I look at the weary expressions on their faces as they listen to her. Mokhoro punches her fist into the air regularly and shouts out several call-and-response slogans that are answered by a few of the onlookers. Many of them simply stand still and silent.

“What kinds of troubles do you face as workers?” she asks the group.

“We don’t earn enough money.”

“We’re hungry.”

“We have to rent small rooms.”

“We have to walk. We don’t have the money for transport.”

“Sometimes we are mistreated if we don’t understand instructions.”

“I eat only papa and cabbage!” says one woman standing close to me, pushing her plastic lunch box forward to display its contents.

For 30 minutes, Mokhoro speaks to the workers, listening to their complaints and concerns, and encouraging them to convince others to join Lecawu. With 3 800 members in 21 factories, the union has a strong presence, but in many factories it does not yet have enough members to legally bargain and negotiate with employers.

At 12.45, the bell sounds again, and the gates to the factory begin to close. The factory workers move swiftly, rushing inside, clearly frightened of the possible repercussions of being late. The ground is now littered with small plastic bags. A few of the vendors are packing up to leave. The women seated on the grass remain where they are, waiting.

Leila Hall is a freelance writer living and working in Lesotho.

‘Mathabiso Mosala: 50 years of activism in Lesotho

'Mathabile Mosala. (Pic: Meri Hyöky.)
‘Mathabiso Mosala has championed Basotho women’s rights since 1963. (Pic: Meri Hyöky.)

Eighty-three-year-old ‘Mathabiso Mosala lives in a bustling, chaotic part of Maseru. Her house is located on one of the city’s main roads, crowded with shops, pedestrians and heavy traffic. Street vendors line the pavement outside her gate, their shouts mingling with the incessant hooting of taxis driving past.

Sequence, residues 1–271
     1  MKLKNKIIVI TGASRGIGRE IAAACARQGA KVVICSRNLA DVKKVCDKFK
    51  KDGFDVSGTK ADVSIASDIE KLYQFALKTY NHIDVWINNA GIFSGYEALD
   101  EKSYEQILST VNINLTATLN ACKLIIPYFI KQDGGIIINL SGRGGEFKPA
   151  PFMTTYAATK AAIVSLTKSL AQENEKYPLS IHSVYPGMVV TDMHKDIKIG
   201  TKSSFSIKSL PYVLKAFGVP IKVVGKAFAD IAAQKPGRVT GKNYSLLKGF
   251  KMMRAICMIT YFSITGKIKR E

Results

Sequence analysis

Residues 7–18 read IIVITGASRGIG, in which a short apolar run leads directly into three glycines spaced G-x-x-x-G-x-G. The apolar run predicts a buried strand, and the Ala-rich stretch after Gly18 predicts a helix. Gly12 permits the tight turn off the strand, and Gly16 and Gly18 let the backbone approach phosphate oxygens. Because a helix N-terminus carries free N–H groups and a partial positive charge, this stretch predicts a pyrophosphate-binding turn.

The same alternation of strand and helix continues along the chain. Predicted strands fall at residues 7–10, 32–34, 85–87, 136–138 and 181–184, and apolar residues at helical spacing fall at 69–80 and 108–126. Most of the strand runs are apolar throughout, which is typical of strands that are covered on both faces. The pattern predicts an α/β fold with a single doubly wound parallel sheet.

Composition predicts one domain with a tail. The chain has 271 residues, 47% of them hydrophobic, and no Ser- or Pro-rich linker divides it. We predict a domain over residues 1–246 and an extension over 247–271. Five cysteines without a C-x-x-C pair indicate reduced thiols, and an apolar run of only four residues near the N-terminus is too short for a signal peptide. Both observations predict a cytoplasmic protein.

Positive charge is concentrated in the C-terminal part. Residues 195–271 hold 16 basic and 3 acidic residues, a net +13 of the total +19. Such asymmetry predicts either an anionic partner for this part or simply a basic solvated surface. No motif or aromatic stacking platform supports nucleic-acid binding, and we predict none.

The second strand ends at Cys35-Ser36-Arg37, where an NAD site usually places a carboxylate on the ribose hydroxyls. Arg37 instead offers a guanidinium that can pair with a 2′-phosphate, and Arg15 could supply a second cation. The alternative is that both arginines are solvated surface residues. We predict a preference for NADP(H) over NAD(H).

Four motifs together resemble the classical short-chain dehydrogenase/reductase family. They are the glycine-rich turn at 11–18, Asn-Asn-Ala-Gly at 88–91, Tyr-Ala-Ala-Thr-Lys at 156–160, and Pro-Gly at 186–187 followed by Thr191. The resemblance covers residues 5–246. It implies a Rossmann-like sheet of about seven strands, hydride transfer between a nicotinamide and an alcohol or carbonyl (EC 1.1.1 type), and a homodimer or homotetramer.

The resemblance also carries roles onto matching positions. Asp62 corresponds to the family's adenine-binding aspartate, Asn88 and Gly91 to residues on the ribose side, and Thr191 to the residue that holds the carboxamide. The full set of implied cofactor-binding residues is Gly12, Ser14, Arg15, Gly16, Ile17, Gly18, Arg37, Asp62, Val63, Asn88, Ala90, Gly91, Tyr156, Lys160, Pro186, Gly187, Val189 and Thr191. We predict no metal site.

Mosala, or nkhono, as many fondly call her, is quiet and dignified in her appearance. The interior of her home is cool, silent and immaculately tidy, in sharp contrast to the noisy street outside. Polished ornaments sit still on shelves, and the smiling faces of her grandchildren and great grandchildren peek out of picture frames in the living room.

Despite her age, Mosala speaks with clarity and strength, and holds her listener in a steady gaze. She has many stories to tell. For the past five decades, she has been at the forefront of the Lesotho National Council of Women (LNCW), a coalition of women’s organisations that has worked tirelessly over the years to advocate for the rights of women in Lesotho, and to provide them with meaningful skills, opportunities and training.

The story of the LNCW begins in 1963, three years before Lesotho gained its independence, when Mosala and three other Basotho women boarded a flight to Israel. As the presidents of four separate women’s associations, they had been sent by King Moshoeshoe II on a study tour to observe some of the work being done by Israeli women’s organisations.

After six weeks, they returned to Lesotho feeling energised and inspired. Amongst the many things they had seen, they had been particularly impressed by the existence of an umbrella body that co-ordinated the efforts of a number of different organisations. The four associations joined forces, and the LNCW was born.

The women set to work, and steadily the LNCW grew. They began by establishing nursery schools, and then shifted their focus to opening vocational training centres. Four of these are still in operation, providing young people from poor backgrounds with training in a range of skills, including sewing, carpentry and business management.